The influence of novel alpha-1 antitrypsin protein binding partners on inflammation and the clinical phenotype in alpha-1 antitrypsin deficiency
The findings of this thesis demonstrate that individuals with alpha-1 antitrypsin deficiency (AATD) and a more severe clinical phenotype, characterized by worsening pulmonary emphysema, have evidence of persistent inflammation despite clinical stability. The binding of alpha-1 antitrypsin (AAT) to proteins of various systems in the circulation is an important mechanism through which AAT mediates its anti-inflammatory properties. A key finding of this thesis is that AAT binds to complement component C3 and can prevent its dysregulated cleavage by neutrophil-derived proteases, in particular NE. Complement activation may be one mechanism through which the perpetuation of inflammation is mediated in AATD through an axis of neutrophil recruitment and activation, protease release, complement degradation, generation of chemotactic complement peptides, and consequently further neutrophilic inflammation.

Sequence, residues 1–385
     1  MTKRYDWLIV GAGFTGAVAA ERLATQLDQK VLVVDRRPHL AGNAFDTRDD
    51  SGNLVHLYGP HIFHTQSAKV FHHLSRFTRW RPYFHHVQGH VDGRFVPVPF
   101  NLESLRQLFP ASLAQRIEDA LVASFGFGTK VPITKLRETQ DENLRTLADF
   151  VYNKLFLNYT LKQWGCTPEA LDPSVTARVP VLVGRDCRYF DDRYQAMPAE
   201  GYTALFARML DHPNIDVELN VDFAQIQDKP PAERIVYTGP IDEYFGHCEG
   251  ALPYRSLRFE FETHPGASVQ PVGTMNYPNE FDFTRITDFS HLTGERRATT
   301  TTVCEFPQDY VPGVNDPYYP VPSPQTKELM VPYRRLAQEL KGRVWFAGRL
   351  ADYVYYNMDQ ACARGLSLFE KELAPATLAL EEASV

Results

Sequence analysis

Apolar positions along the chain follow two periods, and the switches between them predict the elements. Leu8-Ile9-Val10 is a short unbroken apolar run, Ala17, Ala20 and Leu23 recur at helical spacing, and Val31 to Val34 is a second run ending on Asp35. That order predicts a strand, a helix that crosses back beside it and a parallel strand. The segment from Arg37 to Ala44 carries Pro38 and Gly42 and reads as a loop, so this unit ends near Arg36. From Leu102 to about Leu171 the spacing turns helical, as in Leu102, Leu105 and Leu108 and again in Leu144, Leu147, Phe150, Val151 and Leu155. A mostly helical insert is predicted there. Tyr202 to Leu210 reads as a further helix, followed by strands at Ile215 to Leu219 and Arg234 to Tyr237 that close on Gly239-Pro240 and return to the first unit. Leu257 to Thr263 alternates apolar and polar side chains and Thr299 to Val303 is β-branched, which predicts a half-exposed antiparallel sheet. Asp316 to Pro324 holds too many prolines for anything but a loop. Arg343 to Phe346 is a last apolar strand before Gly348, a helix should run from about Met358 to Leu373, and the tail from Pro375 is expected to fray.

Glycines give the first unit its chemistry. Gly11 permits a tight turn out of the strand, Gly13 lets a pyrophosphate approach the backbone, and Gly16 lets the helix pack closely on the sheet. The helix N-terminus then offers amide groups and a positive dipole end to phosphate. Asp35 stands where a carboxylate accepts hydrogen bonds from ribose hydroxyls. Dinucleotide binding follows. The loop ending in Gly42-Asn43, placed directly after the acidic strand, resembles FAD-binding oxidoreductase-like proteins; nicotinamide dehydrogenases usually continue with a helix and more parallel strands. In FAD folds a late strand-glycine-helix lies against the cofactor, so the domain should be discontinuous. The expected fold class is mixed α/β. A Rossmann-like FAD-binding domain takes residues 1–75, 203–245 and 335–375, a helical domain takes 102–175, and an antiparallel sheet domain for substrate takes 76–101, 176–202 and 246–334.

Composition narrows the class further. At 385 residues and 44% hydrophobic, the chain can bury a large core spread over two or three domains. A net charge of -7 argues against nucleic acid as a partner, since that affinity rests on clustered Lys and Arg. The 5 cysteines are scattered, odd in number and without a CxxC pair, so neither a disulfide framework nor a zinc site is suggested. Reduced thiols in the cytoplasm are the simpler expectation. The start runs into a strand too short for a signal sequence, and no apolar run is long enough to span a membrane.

The discovery of a relationship between the observed clinical phenotype in AATD individuals, homozygous for the Z-allele, and complement activation implicates this pathophysiological process in pulmonary disease progression. The ratio of the complement cleavage product C3d to total C3 may also serve as a biomarker of pulmonary disease severity. Furthermore, the role of C3d as an innate immune adjuvant to the adaptive immune response cannot be overlooked. This bridge between innate and adaptive immunity has implications for the pathogenesis of pulmonary emphysema, a mechanism that warrants further investigation in the future.
First SupervisorDr Emer P. Reeves
Second SupervisorProfessor Noel G McElvaney
CommentsA thesis submitted for the degree of Doctor of Philosophy from the Royal College of Surgeons in Ireland in 2016.
Published CitationO'Brien ME. The influence of novel alpha-1 antitrypsin protein binding partners on inflammation and the clinical phenotype in alpha-1 antitrypsin deficiency [PhD Thesis]. Dublin: Royal College of Surgeons in Ireland; 2016.
- Doctor of Philosophy (PhD)